As Barack Obama thrilled his supporters on Monday with his clarion call to action for the poor and the oppressed, young people across the country -- though in numbers somewhat smaller than were enthralled by their leader's words four years ago -- nodded in agreement. For this was about them, and Obama’s speech told them once again how great they are. Obama spoke to the "N Generation," those millions who, because they are the beneficiaries of the miracles of internet technology and instant, worldwide communications, believe firmly they know all and are entitled to everything; as the old song by Queen shouted, "[they] want it all and [they] want it now."
Academic studies reveal this pervasive narcissism clearly.
Hundreds of colleges across the nation administer the CIRP Freshman Survey (TFS) each year to their incoming students. Hundreds of thousands of young adults take this survey, which covers a wide range of demographic and psychographic topics. San Diego State University psychology professor Dr. Jean M. Twenge and her team studied these results, and recently released a report painting a disturbing picture of America’s young adults.
Today’s young youth are more narcissistic than ever. This generation is more likely to find role models in vapid Hollywood tabloid starlets like Kim Kardashian than revolutionary business leaders such as the late Steve Jobs, who gave them the iPhones that are now glued to their hands, or Marc Andreessen, whose prescience and skill launched Mosaic, the world's first graphical web browser less than one generation ago.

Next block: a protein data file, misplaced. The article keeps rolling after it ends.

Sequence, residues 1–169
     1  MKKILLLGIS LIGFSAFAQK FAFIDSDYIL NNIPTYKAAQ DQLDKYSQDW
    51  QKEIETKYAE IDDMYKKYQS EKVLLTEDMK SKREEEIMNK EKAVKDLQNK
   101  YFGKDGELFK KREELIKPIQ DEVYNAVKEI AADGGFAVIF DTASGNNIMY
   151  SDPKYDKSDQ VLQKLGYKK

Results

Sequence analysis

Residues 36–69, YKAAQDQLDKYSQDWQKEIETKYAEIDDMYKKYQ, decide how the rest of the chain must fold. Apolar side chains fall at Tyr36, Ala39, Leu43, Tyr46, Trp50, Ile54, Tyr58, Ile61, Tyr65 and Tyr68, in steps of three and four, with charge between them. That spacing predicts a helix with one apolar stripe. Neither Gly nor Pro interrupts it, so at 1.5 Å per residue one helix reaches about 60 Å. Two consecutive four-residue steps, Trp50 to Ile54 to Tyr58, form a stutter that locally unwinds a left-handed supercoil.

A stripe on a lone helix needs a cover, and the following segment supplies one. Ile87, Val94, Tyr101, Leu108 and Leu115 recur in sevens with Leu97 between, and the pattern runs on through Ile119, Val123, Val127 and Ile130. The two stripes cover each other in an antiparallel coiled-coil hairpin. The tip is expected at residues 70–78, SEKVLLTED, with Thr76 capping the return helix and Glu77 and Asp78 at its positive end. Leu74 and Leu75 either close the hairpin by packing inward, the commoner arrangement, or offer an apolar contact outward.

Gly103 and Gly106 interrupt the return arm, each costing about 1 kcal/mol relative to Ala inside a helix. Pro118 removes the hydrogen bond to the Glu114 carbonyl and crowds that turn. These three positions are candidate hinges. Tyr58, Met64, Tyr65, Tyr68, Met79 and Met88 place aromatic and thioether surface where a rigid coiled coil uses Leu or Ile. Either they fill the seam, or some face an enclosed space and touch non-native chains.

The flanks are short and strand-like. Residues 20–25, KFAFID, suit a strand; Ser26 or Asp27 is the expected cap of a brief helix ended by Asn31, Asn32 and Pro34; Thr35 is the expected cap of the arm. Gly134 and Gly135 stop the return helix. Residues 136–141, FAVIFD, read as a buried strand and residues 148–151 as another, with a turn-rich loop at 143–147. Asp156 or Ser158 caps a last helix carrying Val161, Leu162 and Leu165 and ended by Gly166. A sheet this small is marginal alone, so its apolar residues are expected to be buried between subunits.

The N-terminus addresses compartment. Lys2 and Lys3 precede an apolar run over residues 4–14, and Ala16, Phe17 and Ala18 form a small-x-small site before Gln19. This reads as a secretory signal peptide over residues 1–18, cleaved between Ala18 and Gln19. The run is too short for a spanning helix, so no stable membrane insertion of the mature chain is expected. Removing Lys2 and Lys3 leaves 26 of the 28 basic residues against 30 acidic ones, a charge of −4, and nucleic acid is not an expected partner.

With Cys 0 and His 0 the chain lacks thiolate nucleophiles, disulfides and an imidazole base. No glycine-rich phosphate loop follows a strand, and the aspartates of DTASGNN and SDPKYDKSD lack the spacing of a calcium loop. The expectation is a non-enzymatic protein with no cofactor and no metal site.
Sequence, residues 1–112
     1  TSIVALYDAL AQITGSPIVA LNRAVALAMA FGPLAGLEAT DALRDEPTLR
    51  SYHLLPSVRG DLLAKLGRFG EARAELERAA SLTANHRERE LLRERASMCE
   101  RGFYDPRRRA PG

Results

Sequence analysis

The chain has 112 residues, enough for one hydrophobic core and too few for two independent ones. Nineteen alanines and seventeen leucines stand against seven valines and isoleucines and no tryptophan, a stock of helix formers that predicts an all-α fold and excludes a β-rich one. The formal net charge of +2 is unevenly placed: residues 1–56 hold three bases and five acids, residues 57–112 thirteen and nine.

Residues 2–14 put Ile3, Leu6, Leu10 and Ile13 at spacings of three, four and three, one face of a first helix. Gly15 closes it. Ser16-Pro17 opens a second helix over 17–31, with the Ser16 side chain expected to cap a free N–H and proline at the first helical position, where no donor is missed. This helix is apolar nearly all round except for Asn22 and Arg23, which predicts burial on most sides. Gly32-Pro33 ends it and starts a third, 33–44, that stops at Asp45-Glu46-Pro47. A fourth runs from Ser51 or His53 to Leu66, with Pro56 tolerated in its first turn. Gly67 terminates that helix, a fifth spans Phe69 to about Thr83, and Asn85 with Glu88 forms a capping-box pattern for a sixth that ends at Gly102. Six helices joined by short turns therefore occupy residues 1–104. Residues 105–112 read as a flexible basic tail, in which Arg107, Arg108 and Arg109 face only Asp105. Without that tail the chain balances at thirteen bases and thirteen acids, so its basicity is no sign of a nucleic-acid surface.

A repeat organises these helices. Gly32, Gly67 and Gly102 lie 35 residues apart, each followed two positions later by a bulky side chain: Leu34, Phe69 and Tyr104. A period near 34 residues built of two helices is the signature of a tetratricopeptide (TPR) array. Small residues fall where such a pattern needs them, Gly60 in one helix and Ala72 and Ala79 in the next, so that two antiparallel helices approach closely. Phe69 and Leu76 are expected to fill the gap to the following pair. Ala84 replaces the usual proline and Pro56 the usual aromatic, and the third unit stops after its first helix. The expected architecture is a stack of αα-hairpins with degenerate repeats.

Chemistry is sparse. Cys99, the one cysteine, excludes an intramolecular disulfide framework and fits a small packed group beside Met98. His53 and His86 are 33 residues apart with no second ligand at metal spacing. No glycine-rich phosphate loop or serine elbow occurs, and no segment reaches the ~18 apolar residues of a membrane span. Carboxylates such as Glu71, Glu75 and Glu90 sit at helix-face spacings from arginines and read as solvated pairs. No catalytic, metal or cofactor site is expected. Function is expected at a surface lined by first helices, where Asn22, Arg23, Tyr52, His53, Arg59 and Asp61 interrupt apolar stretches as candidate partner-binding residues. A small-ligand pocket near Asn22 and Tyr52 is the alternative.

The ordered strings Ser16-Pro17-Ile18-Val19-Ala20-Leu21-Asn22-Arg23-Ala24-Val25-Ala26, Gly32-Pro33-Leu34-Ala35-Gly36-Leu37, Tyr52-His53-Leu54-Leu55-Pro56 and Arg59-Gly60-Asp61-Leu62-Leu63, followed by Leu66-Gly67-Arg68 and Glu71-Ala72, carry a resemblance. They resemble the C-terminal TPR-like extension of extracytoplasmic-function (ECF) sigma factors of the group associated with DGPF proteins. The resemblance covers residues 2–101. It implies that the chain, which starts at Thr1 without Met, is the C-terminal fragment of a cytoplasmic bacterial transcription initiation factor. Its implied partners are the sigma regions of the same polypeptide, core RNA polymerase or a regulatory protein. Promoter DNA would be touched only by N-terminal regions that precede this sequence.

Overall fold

These young people live on social media platforms like Facebook, Twitter and Instagram; public stages in which they are the stars, demanding absolute and immediate attention from their peers. Self-worth is measured in "Likes" and "retweets;" what was had for breakfast becomes breaking news. Heaven forbid if someone ever "unfriends" them.
Of course, they are not completely to blame. Parents and adults share responsibility for creating this monster. For decades, parents were told by so-called parenting “experts” that offspring would be best raised on the belief each is special and entitled to all life has to offer. Now, trophies are awarded to every child on the team or in the class so no child's self-esteem is bruised by virtue of being "left out;" letter grades from "A" to "F" give way to vague and slippery narratives. We encourage every teenager to pursue their passion in college -- something to which they are "entitled" -- regardless of the marketable value of the skills they gain after many tens of thousands of dollars spent on that education.
10 Tips to Survive Today's College Campus, or: Everything You Need to Know About College Microaggressions | Larry Elder